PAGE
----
Do you think this drumming is for anyone to try? Is there a personality that would do better? Let’s say, should we be musical or trained for someone to try Batala?

Absolutely for everyone! I believe that it gives you a different persona when you are drumming, especially with a group of other women! Introverts, extroverts, musically inclined, not so inclined – there really is something for everyone, as long as you want it!

Yay! One of these days I’ll probably try it too. Am getting all enthused just watching a few of those videos you sent! So with all this time commitment and practice, I bet you had to give up a lot too? 🙂 

Haha, yes, no more late Friday nights! In all seriousness, my husband has been a great support – since it does take a huge chunk of time, time away from him. And time away from friends too. My friends are also always supportive and come cheer us on in many shows. I don’t think of it as a sacrifice – but more that I have really found something that is truly satisfying, and am glad to have all the support I do!

It’s awesome to have that support right? Pretty much all the women I’ve spoken with, have a spouse who is amazingly supportive in what they do. It works both ways, but without the men allowing us to be ourselves, reaching where we want to is hard. 
So, how diverse is this group? Have any one else from India or someone you can relate to? I know it doesn’t matter much, but for curiosity sakes? 

There is one other Indian in the group. But – never felt conscious or stood out – the group is EXTREMELY diverse and very welcoming. I like that it is also a different world of sorts, for me – and outside my regular circle of friends. 

Awesome! I agree. It’s refreshing too, isn’t it? 
Okay now share some funny incidents during this learning process. I bet there are a few, there have to be! 🙂 

Oh man, too many to count! To keep it kosher, I’ll give you a small example. When we were rehearsing for our show at the Rolling Stones concert, Mick Jagger (we call him Mick ;)) came out and said Hi – and all of us just stood there like lovestruck teenagers, in awe, and didn’t say a word. Not sure what he made of that…..We’ve also had a number of shows where my (drum) sticks fly off…or I make a HUGE and very evident mistake…it’s embarrassing, but it happens…and we laugh it off.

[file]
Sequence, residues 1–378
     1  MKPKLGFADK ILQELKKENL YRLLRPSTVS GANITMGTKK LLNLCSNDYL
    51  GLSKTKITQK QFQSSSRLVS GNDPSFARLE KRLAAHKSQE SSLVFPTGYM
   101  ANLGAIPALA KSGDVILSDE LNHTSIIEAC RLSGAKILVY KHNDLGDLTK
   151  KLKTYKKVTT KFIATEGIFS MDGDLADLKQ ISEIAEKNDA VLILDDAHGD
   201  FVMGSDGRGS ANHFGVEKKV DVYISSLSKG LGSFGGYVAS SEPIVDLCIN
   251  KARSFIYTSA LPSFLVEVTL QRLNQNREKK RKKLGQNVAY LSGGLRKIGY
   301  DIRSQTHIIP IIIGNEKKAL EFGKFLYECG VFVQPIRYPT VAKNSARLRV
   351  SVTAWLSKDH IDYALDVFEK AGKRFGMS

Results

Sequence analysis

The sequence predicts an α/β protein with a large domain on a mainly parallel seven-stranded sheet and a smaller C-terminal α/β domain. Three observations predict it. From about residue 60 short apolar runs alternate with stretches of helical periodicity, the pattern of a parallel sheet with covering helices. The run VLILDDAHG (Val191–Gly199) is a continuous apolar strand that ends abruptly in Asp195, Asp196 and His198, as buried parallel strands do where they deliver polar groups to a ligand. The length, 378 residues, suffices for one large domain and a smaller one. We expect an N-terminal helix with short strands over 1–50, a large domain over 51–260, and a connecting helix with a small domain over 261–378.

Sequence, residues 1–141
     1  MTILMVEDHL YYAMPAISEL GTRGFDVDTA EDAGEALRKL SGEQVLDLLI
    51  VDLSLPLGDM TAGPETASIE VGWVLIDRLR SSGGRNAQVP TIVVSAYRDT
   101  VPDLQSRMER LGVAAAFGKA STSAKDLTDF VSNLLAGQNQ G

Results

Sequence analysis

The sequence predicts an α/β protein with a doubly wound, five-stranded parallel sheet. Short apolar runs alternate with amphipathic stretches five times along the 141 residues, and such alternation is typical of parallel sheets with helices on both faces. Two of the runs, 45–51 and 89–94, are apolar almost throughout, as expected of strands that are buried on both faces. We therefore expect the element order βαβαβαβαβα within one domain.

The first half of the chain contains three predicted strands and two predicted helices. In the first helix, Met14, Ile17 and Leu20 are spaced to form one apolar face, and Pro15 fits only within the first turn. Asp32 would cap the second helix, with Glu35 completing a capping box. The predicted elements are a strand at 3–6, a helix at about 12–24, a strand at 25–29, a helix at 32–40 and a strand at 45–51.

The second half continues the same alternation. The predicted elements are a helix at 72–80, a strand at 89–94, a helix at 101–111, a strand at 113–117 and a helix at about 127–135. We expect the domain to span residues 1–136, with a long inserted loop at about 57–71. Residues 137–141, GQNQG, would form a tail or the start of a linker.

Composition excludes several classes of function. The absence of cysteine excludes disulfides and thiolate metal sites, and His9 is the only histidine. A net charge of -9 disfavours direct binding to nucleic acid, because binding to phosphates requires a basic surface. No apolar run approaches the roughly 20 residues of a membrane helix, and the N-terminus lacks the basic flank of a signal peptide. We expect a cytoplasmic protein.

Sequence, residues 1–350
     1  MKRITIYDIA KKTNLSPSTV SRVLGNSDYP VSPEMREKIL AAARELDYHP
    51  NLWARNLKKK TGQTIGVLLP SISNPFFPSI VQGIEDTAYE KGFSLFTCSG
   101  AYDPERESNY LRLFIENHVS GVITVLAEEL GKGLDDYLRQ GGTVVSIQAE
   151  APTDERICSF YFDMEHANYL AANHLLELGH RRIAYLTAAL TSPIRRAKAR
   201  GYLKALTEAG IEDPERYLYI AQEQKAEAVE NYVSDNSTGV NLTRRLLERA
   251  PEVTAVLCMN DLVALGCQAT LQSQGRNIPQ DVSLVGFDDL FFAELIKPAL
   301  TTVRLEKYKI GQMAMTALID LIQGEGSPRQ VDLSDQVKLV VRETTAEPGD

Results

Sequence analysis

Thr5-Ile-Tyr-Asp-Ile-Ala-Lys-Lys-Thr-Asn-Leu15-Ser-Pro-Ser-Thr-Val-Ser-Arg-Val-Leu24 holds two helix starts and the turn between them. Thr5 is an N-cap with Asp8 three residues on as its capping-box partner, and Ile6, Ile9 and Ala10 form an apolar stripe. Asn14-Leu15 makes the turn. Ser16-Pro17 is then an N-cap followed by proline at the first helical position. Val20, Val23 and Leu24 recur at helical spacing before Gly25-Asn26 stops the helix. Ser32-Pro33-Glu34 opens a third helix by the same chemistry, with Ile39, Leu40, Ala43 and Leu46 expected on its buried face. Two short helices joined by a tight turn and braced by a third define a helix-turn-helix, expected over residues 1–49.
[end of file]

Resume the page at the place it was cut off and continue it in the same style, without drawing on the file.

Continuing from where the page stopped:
LOL! Mick eh? Yep, the aura of a super musician. I can see that happening with a few I admire. 🙂 
..and yes, sticks flying. That’s me definitely haha! 
As a parting shot, tell me where you see yourself, say a year or 5 years form now? Batala is here to stay? 

Honestly, I don’t really know. I am not a planner. I do however know that I want to and will keep doing it as long as I can. Once a Batalette, always a Batelette J

A few links:
WashPo article on Batala Washington. 
CCTV’s article on the Troupe and Founder. 

****
 
There you have it folks. If you have been reading the posts here, the one constant thread that you will find is ” Follow your heart and your passion” Just do. Don’t overthink. Happiness and Contentment is found in the journey when you follow what your heart tells you. 
 
If you are new, take a moment and read some of the earlier women I’ve profiled on here. Subscribe for a fortnightly “So, what’s your story” on meeting the next Ms.Chutzpah 😉 

 

Jackie Tury: Awakening The Arts

Radhika Kowtha-Rao
February 9, 2015
Today I introduce you to Jackie Tury, artist and social worker who found her calling in the creative arts while laying down in bed nursing a leg injury 8 years ago. From then to now, Jackie has gone on and not only learnt to paint and explore within the various mediums but she has also integrated her work in the social field and with a perfect marriage of the two, she has evolved into an artful awakening artist and teacher!I met Jackie at a yoga retreat last year, and during the 2 hour session with her, I reflected, thought and chose my colors and cut and painted and glued and created a piece of work that was uniquely me and a reflection of my mind and its various layers. I did this with her asking questions, and leading me (and others) through the process.
Most definitely a very different kind of art class, I thought in my head as I held on it driving back.